In this episode of Negronis with Nord, James discusses the Bud Light & Dylan Mulvaney controversy; how creators can determine their influencer market rates; the definition of a 'lifestyle' influencer; tips on creating stand-out content; and more…
Below is a portion of the episode transcript for your reading pleasure. Make sure to subscribe to the Fohr YouTube channel to get notified of new episodes, and watch the full episode below.
Welcome to Negronis with Nord, episode 65. I had a crazy week last week. We were in LA for the Sephora Squad launch. It was incredible to meet the new Squad. We had amazing speakers, including Patrick Ta, who did a masterclass, the founder of Summer Fridays, the founders of Tower 28, and Crown Affair, and Selena Gomez, who walked us through the new Rare Beauty collection. But for me, the most impactful part was just meeting the Squad and seeing them all living out this surreal, incredible moment in their lives, this impactful, transformative moment in their careers.
If you were on the fence about applying this year, I would encourage you to get in the mindset of applying next year and getting yourself ready. I guarantee that most people who made it into the squad did not think they would get it. It is really hard to get, as only 60 people are selected. The only way to do that is by applying. So you never know. As they say, nothing ventured, nothing gained.
Dylan Mulvaney and the Bud Light Controversy
I want to touch on the Dylan Mulvaney Bud Light situation. Dylan posted a video of herself drinking a beer, which I loved, and talked about her experience. One of the things Dylan mentioned was that nobody from Bud Light had reached out to her after the collaboration. I understand that it would be difficult for Budweiser and Bud Light to make a statement and defend Dylan publicly. While I think that morally that was probably the right thing to do, I do understand the business complexity and the amount of chaos that was happening inside Bud Light.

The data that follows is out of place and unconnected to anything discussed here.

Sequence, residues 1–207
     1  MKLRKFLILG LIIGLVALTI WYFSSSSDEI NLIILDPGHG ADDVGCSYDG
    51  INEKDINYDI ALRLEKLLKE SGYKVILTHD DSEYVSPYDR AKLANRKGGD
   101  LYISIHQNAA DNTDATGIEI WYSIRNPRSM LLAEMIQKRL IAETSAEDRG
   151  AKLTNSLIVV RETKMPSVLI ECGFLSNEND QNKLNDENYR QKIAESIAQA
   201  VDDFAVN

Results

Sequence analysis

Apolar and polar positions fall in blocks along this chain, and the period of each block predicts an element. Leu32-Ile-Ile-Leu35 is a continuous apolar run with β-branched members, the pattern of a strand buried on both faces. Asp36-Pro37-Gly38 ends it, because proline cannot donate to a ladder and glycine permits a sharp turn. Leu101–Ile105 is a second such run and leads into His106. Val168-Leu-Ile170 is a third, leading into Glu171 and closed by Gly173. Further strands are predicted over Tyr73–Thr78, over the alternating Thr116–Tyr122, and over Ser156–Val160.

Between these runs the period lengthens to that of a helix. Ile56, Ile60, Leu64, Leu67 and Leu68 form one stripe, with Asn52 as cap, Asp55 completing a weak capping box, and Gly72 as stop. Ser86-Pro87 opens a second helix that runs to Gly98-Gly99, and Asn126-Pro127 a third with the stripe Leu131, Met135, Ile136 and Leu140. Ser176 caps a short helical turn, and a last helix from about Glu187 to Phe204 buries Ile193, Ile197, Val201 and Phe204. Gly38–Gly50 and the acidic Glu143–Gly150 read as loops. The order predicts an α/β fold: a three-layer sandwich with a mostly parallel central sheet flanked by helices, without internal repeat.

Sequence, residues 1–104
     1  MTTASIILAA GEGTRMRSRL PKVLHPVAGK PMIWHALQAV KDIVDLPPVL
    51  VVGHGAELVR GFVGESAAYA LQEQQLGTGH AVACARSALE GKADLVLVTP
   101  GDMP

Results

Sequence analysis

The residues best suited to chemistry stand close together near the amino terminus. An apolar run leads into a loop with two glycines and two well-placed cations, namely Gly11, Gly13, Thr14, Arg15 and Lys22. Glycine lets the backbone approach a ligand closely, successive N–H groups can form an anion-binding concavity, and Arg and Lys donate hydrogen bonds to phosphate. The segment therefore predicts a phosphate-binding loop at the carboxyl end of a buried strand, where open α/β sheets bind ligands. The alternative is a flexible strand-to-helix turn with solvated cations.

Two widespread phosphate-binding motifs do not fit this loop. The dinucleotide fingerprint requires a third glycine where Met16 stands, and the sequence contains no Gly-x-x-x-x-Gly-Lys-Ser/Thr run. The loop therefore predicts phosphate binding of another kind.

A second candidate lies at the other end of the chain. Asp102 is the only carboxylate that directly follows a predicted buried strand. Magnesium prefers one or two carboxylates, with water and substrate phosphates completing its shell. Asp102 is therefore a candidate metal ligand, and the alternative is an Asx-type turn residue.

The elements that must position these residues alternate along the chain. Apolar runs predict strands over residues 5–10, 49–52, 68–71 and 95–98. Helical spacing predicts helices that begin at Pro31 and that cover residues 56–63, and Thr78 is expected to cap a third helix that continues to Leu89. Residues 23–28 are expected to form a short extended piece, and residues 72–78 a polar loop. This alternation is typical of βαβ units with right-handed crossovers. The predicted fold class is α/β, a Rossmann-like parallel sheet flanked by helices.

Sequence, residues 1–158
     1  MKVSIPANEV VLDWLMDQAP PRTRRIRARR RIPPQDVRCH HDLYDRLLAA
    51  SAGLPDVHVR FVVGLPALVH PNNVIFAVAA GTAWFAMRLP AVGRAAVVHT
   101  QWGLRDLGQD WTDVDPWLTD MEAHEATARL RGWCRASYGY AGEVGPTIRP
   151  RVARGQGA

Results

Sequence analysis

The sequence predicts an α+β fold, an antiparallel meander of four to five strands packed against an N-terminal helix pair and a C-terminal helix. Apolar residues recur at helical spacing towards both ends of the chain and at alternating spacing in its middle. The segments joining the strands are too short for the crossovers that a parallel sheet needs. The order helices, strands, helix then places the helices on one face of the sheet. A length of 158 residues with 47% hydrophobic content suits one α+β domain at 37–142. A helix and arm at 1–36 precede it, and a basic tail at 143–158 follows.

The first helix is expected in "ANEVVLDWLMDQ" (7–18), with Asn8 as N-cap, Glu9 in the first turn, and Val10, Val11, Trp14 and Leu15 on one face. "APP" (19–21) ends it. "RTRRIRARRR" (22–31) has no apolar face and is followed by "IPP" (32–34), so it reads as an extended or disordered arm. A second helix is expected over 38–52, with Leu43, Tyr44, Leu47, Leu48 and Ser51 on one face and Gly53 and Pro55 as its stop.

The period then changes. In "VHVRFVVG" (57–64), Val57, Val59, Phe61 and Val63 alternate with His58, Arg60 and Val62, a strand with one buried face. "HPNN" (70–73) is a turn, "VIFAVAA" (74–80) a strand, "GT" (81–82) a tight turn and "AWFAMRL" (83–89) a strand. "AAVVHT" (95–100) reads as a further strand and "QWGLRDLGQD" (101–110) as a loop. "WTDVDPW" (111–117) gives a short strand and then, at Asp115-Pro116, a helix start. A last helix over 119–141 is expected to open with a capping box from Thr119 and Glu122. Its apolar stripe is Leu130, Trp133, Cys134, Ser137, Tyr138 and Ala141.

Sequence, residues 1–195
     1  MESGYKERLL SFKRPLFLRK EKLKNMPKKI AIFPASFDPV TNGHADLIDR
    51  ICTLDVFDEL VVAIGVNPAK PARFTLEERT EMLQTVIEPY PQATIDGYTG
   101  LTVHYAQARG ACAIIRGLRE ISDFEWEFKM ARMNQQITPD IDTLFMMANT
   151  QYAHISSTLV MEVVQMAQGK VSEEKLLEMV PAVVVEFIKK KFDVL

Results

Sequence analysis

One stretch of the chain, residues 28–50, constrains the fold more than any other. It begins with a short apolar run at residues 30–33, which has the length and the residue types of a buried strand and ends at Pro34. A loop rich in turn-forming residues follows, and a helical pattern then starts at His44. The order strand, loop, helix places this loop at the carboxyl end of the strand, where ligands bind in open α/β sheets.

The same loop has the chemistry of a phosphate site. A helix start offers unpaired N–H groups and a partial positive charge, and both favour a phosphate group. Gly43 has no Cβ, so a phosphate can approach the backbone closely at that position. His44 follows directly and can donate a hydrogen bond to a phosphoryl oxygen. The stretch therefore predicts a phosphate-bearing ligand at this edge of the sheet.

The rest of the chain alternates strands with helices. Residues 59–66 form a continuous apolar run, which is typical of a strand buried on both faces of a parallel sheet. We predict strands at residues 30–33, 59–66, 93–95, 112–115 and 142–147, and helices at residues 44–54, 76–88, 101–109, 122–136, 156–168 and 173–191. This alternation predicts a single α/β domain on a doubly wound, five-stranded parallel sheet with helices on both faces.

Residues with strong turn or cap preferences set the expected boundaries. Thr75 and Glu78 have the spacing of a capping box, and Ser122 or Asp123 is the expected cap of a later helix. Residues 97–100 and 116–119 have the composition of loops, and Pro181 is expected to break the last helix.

I understand that once a fire is burning, they may be reticent to fuel that fire. So it would be difficult for them to publicly come out and say, "Hey, this is not okay. We don't agree with this."
Again, while I believe that that is the right thing to do, I can understand why it would have been difficult for them to do that. I cannot understand how somebody from Budweiser did not reach out. The CEO of Bud Light was all over the morning talk shows, talking about the collaboration, Bud Light, and all of the drama, the fallout, and the boycott. It isn't unreasonable to expect that he would have emailed Dylan.
It was not Dylan's fault this happened. She did not create this situation. She has had an incredible amount of harassment and transphobia and just said that she was afraid to leave her house because she was helping to try to sell Bud Light. She got pulled into this thing that she had no control over.
If, as a brand, you find yourself in a situation where an influencer is taking heat for your brand, what you should do is stand up for them.
The guest on the show, Taylor Lorenz, is somebody that the right wing has focused on as a kind of lightning rod, and she has been the recipient of an enormous amount of online bullying and harassment. There were times when the New York Times and, more recently, the Washington Post have publicly stood behind Taylor and said, "Look, Taylor is a talented reporter, and we stand behind her. We think that this harassment is unfair, unjust, etc." So I think that, ultimately, that is what brands should do.
If you partner with an influencer and believe they were acting in good faith, they didn't do anything to potentially embarrass or harm the brand; then you should stand behind them.
You asked them to do something, and they became embroiled in controversy because of it. I absolutely think you should stand up and say, "This is not okay. This needs to stop. Please leave this person alone." At the very least, reach out and say, "How are you doing? This is unfair. I'm sorry this is happening to you. Let us know if we can support you in any way." I think that would go a long way. And again, I think that integrity matters. I would encourage influencers to consider that when choosing partners to work with.